- Coastal erosion: It is a serious problem faced by the islands every year resulting in loss of land.
- Increasing sedimentation and pollution of water is disturbing the delicate balance of coral and their survival need.
- Population pressure: Changing demographic pattern and lifestyle, coupled with resource harvest from the reefs have brought many reefs to various degrees of stress.
- Developmental activities: Overexploitation and mindless mining of coral reef colonies led to degrading of coral reef.
- Coral tourism: Lakshadweep increasingly being promoted as major tourist destination for sea sports like scuba diving. This results in environmental pollution particularly of sea water.
4.What do you understand by personal and professional ethics? Examine the relationship between personal and professional ethics. Do civil servants have to be ethical in personal life in order to be professionally ethical? Illustrate. (GS Paper-4, Ethics) (250 words)
Structure of the Answer
· Explain the meaning of personal and professional ethics
· Examine the relationship between professional and personal ethics.
· Discuss the relationship with respect to civil servant
Reference: Lexicon’s Ethics
- These involve your morals and values.
- They are instilled generally, during childhood, by your parents, family, and friends.
- They relate to your deep-rooted principles, and how religiously you follow them determines the kind of person you are.
- The nature of your personal ethics depend on whether your principles have an optimistic effect on the people surrounding you, i.e., your strict adherence to your principles must not spoil someone else’s life; a negative impact on society due to your principles violates the very reason you are following them.
Speaking truth, respecting elders etc. are few examples of personal ethics.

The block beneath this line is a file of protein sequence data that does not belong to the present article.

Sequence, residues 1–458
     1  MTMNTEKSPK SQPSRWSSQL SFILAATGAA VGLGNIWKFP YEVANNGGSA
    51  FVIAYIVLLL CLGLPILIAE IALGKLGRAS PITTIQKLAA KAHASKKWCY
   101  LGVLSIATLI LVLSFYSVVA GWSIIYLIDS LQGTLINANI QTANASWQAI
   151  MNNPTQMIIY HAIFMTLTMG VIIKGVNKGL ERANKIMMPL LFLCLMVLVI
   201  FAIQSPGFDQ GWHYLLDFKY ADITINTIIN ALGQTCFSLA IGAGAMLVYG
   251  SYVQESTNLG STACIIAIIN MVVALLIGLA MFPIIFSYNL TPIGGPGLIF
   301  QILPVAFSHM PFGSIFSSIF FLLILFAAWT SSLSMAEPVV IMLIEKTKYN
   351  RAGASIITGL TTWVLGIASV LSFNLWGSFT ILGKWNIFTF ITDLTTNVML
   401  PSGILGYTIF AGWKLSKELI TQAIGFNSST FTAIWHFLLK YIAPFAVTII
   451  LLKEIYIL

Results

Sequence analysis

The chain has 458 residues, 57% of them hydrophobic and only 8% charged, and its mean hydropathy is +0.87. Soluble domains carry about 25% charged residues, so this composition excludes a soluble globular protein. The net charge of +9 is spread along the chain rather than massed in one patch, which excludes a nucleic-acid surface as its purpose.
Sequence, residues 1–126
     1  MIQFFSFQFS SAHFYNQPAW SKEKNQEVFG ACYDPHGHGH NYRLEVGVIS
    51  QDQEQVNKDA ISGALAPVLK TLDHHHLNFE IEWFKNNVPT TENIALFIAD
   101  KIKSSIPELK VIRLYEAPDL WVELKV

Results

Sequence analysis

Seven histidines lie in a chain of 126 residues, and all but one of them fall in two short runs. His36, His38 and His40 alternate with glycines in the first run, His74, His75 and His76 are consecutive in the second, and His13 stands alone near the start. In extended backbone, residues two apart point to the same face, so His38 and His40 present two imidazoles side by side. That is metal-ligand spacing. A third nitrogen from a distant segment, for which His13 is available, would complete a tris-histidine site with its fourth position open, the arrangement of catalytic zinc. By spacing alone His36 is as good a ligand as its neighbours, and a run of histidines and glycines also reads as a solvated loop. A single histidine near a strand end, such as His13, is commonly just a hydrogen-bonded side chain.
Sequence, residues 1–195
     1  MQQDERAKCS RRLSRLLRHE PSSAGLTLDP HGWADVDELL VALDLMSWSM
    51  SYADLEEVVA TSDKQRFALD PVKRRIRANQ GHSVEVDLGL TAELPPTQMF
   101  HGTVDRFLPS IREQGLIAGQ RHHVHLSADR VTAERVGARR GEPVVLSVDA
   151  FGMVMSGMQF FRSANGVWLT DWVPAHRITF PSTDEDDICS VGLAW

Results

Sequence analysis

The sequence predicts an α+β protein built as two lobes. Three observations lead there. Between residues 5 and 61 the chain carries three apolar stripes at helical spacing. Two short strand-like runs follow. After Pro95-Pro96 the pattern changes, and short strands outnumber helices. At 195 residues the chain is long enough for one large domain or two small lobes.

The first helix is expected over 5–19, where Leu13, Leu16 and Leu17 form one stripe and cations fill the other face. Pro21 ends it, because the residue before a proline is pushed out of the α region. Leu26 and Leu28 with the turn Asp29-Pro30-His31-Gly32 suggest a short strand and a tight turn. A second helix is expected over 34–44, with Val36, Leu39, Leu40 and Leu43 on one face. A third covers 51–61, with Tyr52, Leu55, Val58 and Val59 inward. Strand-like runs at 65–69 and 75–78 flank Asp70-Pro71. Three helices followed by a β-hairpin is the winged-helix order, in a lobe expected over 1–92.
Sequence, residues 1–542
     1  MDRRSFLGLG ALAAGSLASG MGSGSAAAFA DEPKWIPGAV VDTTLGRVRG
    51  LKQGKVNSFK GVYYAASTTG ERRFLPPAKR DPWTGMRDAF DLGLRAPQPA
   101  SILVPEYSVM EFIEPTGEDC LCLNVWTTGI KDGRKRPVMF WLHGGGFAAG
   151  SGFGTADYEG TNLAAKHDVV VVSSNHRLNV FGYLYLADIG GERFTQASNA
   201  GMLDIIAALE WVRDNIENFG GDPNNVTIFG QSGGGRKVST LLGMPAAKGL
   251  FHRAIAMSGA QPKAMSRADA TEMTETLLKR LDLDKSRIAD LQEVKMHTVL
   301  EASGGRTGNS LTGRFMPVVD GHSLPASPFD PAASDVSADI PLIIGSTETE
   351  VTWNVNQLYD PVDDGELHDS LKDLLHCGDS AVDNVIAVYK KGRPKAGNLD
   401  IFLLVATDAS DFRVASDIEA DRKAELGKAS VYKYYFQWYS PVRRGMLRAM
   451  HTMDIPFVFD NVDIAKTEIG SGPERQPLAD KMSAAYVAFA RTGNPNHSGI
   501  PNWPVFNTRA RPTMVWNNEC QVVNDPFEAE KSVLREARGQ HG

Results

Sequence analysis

- These involve a strict code of conduct laid down at the workplace.
- Professional ethics involve adherence to rules and regulations.
- Non-compliance to such rules may risk your reputation, as your behaviour will immediately be reported as brash and unprofessional.
- Your personal views and concerns about any topic will not be of much help in a corporate setting, how well you follow the protocol of the company is what will matter here.
Honesty, Integrity, Transparency, Accountability, Objectivity etc. are few examples of professional ethics.
If person is lacking in his personal conduct it will question his public acts as well. Further, lack of integrity in personal life sets the demand for close relationship between personal and professional ethics as well e.g. an honest and upright administrator will always inspire people to maintain harmony between both the spheres of life.
Individual’s personal and professional lives are two sides of the same coin. Even Gandhi observed that we cannot do right in one aspect of life whilst indulging in wrong acts in other. According to him life is an indivisible whole. Any distinction between public and private conduct is considered artificial. The close relationship between two spheres of life stems from following reasons:
- Certain values like honesty, respect, empathy, trust, equality and efficiency etc. which are considered to equally guide our actions in both professional and private sphere e.g. if want interpersonal trust of friendship to be reflected in our relationship with government.
- Civil administrators are increasingly became public figures in age of media.
- Our world is moving toward integration of work and life due to availability of technical knowhow.
Since the boundaries between professional and personal life is shrinking in contemporary lives, it is imperative for civil administrator to cherish same values which forms the ethical basis of civil administration job. For example-
- If anyone value honesty and commitment in personal relationship, he/she is more likely to value them in professional life also.
- If a person is hard working and punctual in his personal life; he/she will reflect diligence and punctuality in his work as well.
32total visits,5visits today